Have you ever woken up in the middle of the night after hearing a cry and rushed frantically to your baby only to find them sleeping peacefully? How about swearing that you’ve heard your baby’s voice while in the shower? Or in a large crowd? Let us reassure you, you are not losing your marbles!
This phenomenon is called the “phantom cry” and is a very common maternal experience. Rest assured, you are not alone.
What is the phantom cry?
Substantive research is still lacking on the topic. However, experts believe that the highly stimulated maternal brain is wired to be sensitive to her baby’s cries, leading to a heightened awareness of sounds. One prominent theory is that the worry or anxiety experienced by new parents is also partly responsible.
Interestingly, people in other situations who have to acutely respond to a stimulus can experience the same thing. Doctors have often been known to report sudden awakening to sounds of pagers and the beeps and noises of an ER or ICU, even when we are not on call. The doctor might be more mentally alert to hearing these important sounds, often due to a fear of sleeping through them. Similarly, new parents’ might be just as sensitive and have a subconscious fear of missing their babies’ cry for help.
If you are put off by these phantom cries, not to worry! We have a couple of reassurances and tips for you.
Remember that it’s okay for babies to cry.
That is their one job and only form of communication. So like Shrek once profoundly said, “all babies do is eat and poop and then cry . . . and they cry when they poop and poop when they cry.” This funny but astute observation illustrates babies will cry regardless of their need.
Remember, newborns only have one type of cry: the panic cry!
That doesn’t mean everything is actually panic-worthy! Whether they are cold, wet, hungry, tired, full, gassy, or just plain grumpy, newborns will act like all of those are emergencies! Don’t worry; they are not. You don’t always have to rush to them.
Remember that you’re likely not hallucinating.
Even if you hear your baby’s voice when they clearly weren’t calling out, you are not alone in experiencing this phenomenon. And you are not going crazy!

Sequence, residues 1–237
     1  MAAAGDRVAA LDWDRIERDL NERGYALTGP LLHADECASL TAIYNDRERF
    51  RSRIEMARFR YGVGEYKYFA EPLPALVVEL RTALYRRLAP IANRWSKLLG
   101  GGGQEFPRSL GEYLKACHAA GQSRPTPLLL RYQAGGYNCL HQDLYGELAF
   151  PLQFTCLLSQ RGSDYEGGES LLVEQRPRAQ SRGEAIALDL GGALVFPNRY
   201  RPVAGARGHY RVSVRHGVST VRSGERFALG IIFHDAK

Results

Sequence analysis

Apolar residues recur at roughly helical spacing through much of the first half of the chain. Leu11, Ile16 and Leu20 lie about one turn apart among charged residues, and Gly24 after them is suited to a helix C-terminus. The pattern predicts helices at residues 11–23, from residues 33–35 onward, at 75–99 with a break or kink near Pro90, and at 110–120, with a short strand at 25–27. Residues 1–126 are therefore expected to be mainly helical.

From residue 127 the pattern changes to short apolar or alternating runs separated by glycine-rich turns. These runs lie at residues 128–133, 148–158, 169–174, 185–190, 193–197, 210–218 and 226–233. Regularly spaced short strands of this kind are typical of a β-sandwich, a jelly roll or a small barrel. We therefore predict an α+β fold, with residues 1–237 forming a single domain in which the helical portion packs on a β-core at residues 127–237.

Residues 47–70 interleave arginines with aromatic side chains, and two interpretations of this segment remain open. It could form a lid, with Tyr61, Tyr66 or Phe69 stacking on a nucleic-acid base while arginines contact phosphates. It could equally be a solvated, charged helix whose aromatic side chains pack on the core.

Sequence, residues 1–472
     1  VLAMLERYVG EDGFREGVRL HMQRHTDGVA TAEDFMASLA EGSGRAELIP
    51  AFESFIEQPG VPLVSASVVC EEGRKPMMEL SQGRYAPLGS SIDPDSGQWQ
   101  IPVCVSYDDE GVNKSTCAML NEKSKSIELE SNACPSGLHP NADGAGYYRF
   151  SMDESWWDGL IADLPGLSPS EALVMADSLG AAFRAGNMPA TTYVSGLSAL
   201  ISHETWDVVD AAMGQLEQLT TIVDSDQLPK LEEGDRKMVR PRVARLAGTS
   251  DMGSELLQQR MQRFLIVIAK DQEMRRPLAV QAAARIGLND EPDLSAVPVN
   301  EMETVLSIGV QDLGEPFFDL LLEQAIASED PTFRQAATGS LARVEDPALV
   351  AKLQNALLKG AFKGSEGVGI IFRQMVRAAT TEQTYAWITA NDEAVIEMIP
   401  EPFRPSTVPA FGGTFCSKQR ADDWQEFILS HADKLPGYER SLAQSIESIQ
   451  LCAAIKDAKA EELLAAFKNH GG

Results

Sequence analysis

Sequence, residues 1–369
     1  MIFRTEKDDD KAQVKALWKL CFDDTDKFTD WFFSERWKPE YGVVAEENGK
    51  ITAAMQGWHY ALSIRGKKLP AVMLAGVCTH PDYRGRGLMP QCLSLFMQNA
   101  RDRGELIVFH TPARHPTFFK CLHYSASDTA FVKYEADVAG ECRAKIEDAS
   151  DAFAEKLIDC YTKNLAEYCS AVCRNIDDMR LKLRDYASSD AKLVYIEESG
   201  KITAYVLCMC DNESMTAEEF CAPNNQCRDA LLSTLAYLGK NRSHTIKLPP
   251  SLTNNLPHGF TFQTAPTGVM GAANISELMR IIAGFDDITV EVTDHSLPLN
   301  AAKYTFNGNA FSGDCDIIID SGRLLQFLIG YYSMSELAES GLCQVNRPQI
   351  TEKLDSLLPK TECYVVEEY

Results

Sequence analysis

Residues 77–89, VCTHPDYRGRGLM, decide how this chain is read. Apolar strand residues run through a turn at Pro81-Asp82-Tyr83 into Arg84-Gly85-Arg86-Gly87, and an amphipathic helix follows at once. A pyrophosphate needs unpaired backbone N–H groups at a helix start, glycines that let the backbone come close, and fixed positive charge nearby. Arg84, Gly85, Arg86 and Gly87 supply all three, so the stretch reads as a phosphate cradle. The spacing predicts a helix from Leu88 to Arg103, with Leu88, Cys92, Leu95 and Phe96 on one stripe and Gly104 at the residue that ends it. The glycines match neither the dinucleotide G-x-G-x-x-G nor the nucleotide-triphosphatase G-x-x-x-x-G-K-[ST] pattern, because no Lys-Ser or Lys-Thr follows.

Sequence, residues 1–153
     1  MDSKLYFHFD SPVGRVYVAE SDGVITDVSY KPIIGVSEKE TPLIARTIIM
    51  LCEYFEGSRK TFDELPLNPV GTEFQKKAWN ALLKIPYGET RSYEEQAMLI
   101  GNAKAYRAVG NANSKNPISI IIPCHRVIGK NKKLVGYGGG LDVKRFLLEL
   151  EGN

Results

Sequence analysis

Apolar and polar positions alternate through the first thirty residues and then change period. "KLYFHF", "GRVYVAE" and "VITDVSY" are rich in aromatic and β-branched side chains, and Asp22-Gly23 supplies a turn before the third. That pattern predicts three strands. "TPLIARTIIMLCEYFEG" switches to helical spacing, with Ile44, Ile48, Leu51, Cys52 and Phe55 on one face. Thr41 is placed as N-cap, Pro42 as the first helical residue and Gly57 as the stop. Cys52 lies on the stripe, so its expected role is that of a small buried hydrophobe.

Know that this is typically temporary.
Once the child’s sleep and wake cycles are more consistent and there is an established routine, parents naturally get more comfortable that their baby is safe, and the phantom cries start to dissipate.
Don’t hesitate to ask for help.
The concept of the phantom cry illustrates that sometimes unexplainable things happen when it comes to parenting. As pediatricians, we want to encourage you to reach out for help if you feel overwhelmed. If the phantom cries start to interfere with your daily life and prevent you from getting sleep, taking care of your baby, or performing your essential daily activities, please do not hesitate to talk to your doctor.
The mental health of parents is a key component to raising a happy and healthy baby. We encourage you not to ignore the signs and symptoms your body may be giving you. They could pass in time, or they could be a clue into a deeper concern that needs to be addressed.
Overall, parenting is a marathon with many surprises. Most cases of the phantom cry are simply due to a parent who is extra heightened to their baby’s needs. The next time this happens to you, take a few deep breaths and marvel at your quiet baby. Remember, you’re one of many parents who have walked these steps before.